The Three Main Business Activities Measured by Financial Statements
The four primary financial statements -- balance sheet, income statement, owners' equity statement and statement of cash flows -- provide an overview of a company's financial condition. They tell you where the money is coming from and where it is going, what the company owns and what it owes to others. Everything a company does falls into one of three categories of business activity: operations, financing and investment. The financial statements track these activities.
Operating activities are the core functions of a business. Every business exists to do something and that "something" is its operating activities. If you own, say, a grocery, your business exists to sell food and other products to consumers. If you have a law office, your business exists to provide legal advice and services. The areas of your business that provide support to those core functions -- human resources, payroll, janitorial and so on -- also count as operating activities. On the balance sheet, operating activities affect current assets, such as cash, accounts receivable and inventory, and current liabilities, such as accounts payable and wages payable. The revenue and expenses reported on the income statement also reflect operating activities.
A stable, established company is usually able to pay its day-to-day bills with the money generated by operations, but sometimes companies need additional money to expand their operations or to pay for capital projects, such as buildings or equipment upgrades. Companies can get this money two ways: by selling shares of ownership, known as equity financing, or by borrowing it, known as debt financing. In the financial statements, equity financing shows up in the owners' equity section of the balance sheet, as well as in the separate, more detailed statement of owners' equity. Debt financing shows up on the balance sheet as long-term liabilities.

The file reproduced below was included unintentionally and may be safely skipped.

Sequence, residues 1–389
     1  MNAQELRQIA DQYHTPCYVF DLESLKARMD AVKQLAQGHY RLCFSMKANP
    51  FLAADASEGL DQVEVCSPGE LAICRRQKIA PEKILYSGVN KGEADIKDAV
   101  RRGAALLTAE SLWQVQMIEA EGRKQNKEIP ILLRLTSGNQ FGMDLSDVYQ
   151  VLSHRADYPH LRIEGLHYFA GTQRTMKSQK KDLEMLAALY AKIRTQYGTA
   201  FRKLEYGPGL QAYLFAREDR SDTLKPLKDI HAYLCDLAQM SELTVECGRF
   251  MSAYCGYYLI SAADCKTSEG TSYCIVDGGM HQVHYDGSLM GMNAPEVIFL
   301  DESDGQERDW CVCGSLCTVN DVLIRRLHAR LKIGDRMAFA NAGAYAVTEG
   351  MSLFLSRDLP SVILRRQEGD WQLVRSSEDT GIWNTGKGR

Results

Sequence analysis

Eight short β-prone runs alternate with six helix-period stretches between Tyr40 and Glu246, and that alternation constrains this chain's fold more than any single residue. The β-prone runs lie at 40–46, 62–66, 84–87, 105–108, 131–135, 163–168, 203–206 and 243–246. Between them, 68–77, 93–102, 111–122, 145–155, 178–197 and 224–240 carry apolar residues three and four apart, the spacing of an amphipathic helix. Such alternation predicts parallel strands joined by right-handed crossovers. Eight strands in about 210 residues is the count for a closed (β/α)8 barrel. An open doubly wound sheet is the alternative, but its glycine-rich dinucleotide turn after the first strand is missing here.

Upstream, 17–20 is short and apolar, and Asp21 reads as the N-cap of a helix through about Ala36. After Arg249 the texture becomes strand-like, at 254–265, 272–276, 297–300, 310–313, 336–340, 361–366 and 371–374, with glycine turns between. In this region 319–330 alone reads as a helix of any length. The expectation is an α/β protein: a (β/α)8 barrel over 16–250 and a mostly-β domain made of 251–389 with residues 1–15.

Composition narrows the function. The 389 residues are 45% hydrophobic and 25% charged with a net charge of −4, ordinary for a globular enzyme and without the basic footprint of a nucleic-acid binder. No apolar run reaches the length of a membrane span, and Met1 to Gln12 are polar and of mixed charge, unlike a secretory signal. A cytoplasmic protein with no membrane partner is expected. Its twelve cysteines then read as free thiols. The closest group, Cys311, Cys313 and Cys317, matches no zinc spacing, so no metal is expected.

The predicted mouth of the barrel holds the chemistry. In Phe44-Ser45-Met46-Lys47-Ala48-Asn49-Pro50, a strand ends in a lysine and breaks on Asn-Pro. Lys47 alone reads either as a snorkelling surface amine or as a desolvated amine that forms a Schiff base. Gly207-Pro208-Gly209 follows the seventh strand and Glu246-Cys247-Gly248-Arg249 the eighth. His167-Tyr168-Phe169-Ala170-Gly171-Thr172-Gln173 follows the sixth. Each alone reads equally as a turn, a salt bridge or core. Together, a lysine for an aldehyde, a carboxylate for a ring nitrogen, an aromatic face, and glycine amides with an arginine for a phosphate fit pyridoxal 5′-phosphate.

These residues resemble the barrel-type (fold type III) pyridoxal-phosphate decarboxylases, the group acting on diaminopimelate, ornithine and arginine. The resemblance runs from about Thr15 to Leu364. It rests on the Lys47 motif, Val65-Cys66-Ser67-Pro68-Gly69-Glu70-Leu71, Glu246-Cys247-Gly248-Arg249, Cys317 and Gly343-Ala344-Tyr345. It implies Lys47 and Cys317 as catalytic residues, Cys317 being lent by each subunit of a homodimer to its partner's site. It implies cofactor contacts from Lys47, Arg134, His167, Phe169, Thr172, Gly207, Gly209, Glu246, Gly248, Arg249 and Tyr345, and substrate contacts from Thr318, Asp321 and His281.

Just as individuals do, companies make investments for the future. They invest in themselves by purchasing new equipment or acquiring other companies, and they invest in other companies for strategic reasons -- to establish partnerships or gain access to technology. Investing activities appear on the balance sheet as long-term assets, such as property, plants and equipment and as equity investments in other companies. Money made or lost on the sale of these assets appears as gains and losses on the income statement. Companies can, and do, trade in securities, such as stocks and bonds, for short-term profit. These are certainly investments, but financial statements treat these "passive" investments as operating activities. Marketable securities -- those held for shorter-term profit-turning purposes -- are current assets on the balance sheet.
The one place in the financial statements where these activities are clearly delineated is in the company's statement of cash flows, commonly called the cash flow statement. This statement tracks the flow of money into and out of the company and breaks it down into three streams: cash flow from operating activities, from financing activities and from investment activities.